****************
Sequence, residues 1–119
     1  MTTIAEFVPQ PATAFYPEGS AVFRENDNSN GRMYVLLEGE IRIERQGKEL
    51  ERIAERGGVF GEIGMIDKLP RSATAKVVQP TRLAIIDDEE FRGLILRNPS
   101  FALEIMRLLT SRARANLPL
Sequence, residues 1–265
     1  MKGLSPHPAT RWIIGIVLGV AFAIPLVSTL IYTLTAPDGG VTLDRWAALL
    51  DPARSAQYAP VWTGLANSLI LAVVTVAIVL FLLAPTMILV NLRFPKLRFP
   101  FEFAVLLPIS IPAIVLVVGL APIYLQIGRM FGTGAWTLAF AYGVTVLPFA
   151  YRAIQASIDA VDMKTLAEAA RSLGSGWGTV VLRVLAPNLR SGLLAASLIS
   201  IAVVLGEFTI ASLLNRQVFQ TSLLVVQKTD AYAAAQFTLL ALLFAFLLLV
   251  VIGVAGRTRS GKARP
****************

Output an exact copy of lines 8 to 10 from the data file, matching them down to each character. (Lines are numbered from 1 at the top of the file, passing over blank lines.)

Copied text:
   101  FEFAVLLPIS IPAIVLVVGL APIYLQIGRM FGTGAWTLAF AYGVTVLPFA
   151  YRAIQASIDA VDMKTLAEAA RSLGSGWGTV VLRVLAPNLR SGLLAASLIS
   201  IAVVLGEFTI ASLLNRQVFQ TSLLVVQKTD AYAAAQFTLL ALLFAFLLLV